AC output 2 Battery Charge Lead Voltage
Battery charge lead AC output 1 ?
Battery charge lead AC output 2 ?
Ground AC output 1 Voltage
Ground AC output 2 Voltage
AC output 1 Ground ?
AC output 2 Ground ?
For more information about your issue and valuable "FREE" downloads that you will need please click on the blue links below. Good luck and have a wonderful day.
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Jun 17, 2017 | 2001 Yamaha DT 125 R

1 Answer

It is write in the description "Charges all DEWALT


The Univolt batteries were small pod-type batteries that fit into the handle of their drills and other tools. The entire line of Univolt batteries have been discontinued. You can see a few pictures of Univolt batteries at http://www.dewalt.com/Search/univolt.aspx. The Univolt batteries and charger are on page 2.

Feb 17, 2011 | Dewalt 7.2-18.0 Volt One Hour Charger

1 Answer

My battery is not charging, I put in new battrey and still has the same problem..


If you're sure the battery is good. we'll test the charging system first. You'll need a DVOM (digitial volt ohm meter) to test the system. Start with a fully charged battery. Connect the red meter lead to the positive post of the battery and the black meter lead to the negative. Put the function selector switch of the meter in DC VOLTS, 20 VOLT or greater. Start the engine and bring it to a high idle. You should read between 14.5 - 15.0 Volts. If not proceed to the stator test.

Look down on the front of your engine and find the plug coming out of the case where the voltage regulator plugs into the engine case connector. Unplug this connector. Down inside the connector are two contacts. These contacts are where we're going to put the meter leads. It makes no difference which lead goes where as we're measuring AC voltage. Put the meter's function selector switch in AC VOLTS, 50 VOLTS or greater. Start the engine and bring it to a high idle. Touch the meter leads to the two contacts down in the case. You should read at least 30 volts.

So, if you don't read the 30 volts at the engine case, the stator is bad. If you 30 volts or higher but the test at the battery was bad, replace the regulator.

Good Luck
Steve

Sep 02, 2010 | 2006 Harley Davidson FLHR Road king

1 Answer

I have a 2002 Harley Softail and when it is turned off i hear a clicking sound. This seems to drain the battery. I did put in a battery tender


How long does this ticking sound last? Whenever you stop the engine, the exhaust system starts to cool and the heat shields make a clicking sound. This usually stops after about ten to fifteen minutes. If the clicking continues after about thirty minutes, you may have something strange going on but I can't imagine what.

As for your battery doing down, if the battery is over two years old, this is not unusual. I'd take the battery out of the bike and take it to an automotive parts house. Ask them if they will do a load test on the battery. The battery may just be about ready to give up the ghost. Motorcycles are tougher on batteries than automobiles due to the vibration.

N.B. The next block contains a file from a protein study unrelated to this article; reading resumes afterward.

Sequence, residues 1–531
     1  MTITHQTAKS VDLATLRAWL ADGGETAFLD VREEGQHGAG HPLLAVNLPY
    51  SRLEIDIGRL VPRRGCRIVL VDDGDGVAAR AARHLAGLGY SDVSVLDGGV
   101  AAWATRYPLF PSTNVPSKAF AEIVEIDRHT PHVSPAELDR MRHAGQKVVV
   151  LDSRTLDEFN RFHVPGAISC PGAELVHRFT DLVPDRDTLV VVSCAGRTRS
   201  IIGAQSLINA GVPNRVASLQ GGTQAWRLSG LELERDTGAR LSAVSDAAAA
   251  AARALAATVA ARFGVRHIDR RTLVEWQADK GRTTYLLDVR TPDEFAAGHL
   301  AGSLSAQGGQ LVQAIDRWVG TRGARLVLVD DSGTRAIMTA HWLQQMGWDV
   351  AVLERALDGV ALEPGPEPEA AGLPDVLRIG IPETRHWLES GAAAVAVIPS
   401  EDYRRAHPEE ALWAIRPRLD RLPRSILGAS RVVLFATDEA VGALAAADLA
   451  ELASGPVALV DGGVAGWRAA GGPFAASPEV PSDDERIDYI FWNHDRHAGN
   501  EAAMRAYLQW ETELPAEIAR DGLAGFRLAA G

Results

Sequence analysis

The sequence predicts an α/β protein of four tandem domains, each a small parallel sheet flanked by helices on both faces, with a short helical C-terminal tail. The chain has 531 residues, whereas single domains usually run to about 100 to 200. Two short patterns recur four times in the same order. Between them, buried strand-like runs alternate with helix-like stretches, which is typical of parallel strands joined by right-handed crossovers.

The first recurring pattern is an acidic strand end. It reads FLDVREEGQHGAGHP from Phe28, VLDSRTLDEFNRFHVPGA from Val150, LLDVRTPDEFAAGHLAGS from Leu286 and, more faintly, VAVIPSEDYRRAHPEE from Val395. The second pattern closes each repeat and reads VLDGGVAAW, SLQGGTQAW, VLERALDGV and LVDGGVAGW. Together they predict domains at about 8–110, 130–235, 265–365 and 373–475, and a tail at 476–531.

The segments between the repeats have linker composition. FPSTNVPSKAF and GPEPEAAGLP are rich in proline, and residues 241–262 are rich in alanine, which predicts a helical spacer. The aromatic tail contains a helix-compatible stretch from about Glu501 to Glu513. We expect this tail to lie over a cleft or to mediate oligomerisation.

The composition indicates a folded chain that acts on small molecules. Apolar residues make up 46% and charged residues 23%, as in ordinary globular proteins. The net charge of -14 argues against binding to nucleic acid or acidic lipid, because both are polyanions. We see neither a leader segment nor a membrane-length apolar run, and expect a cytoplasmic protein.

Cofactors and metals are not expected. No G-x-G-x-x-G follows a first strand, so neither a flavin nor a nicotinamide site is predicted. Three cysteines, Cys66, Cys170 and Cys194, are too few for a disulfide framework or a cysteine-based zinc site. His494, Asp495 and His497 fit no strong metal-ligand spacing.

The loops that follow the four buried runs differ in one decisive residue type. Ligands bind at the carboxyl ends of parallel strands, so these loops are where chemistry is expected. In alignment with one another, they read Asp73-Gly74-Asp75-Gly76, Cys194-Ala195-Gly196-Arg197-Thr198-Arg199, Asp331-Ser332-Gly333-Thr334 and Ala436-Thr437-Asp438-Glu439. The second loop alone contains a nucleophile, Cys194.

Now. to check you charging system, with the battery fully charged, put a DVOM (digitial volt ohm meter) across the battery. Red lead to positive, black lead to negative. Put the meter selector in DC volts, 20 -50 volt range. Start the engine and bring the engine to a high idle. You should read 14.5-14.8 volts across the battery. If so, the charging system is working as it should. If not, repost and we'll go from there.

Good Luck
Steve

Jun 16, 2010 | 2002 Harley Davidson FXST Softail Standard

1 Answer

1990 FLSTC. Lights are dim and trouble starting. When running it wants to die and runs rough>


It sounds like you've got a charging system problem. To check this, first you must charge your battery fully. Take the seat off the bike, two large bolts on either side of the seat. Then with a fully charged battery, start the bike. Using Digitial Volt Ohm meter, put the red lead of the meter to the positive terminal of the battery and the black lead to the negative terminal. Put the meter in 50 volt DC range. The voltage should start out at about 12.5 volts and slowly build up to nearly 14.5-15.0 volts. If it does not, something is wrong.

Now, down on the engine on the left side near the end of your oil filter there is a connector plug. Disconnect this plug and you'll see two pins down inside the plug in the engine case. Put your meter in the AC 50 range. This is the stator of your alternator and the output is Alternating Current, thus the AC setting on your meter. Now, start the bike and bring it to a fast idle. Put one lead from the meter to either pin and the other lead to the other pin. It makes no difference which pin since its AC current. You should read at least 20 volts. Typically it reads somewhere between 25-30 Volts AC depending on how fast your engine is running. If this checks right, your alternator stator is good.

Check the plug that you unplugged from the engine case. Make sure the sockets up inside the rubber plug are clean and that they make good contact with the pins. Check the ground on your regulator. I like to put one of those "star" lockwashers between the regulator and the frame of the bike on each bolt to insure the regulator has a good ground. Also, if you don't already have one, buy yourself one of those clips that holds the plug together when it's plugged in. I've seen the back out and not make contact while the engine is running.

Now that you know your alternator is good and your regulator is properly plugged in, run the first test again. If the test still shows a low voltage at the battery, replace the regulator. But, you MUST use a fully charged battery to do this test otherwise you'll get a low reading. Good Luck

Jan 18, 2010 | 2005 Harley Davidson FLSTC - FLSTCI...